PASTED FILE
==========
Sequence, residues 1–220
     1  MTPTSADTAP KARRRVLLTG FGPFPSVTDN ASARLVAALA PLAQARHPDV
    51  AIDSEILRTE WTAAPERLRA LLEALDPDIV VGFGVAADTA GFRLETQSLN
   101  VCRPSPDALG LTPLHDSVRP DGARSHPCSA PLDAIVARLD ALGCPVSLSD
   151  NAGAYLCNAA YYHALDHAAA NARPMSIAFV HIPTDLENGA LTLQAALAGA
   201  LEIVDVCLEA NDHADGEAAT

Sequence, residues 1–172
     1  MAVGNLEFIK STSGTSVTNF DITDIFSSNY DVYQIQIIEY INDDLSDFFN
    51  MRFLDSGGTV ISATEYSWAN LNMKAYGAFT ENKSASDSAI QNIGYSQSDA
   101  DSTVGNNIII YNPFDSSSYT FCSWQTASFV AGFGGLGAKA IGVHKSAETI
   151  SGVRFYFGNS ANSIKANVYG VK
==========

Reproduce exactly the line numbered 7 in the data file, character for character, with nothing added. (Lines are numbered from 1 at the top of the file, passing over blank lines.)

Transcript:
Sequence, residues 1–172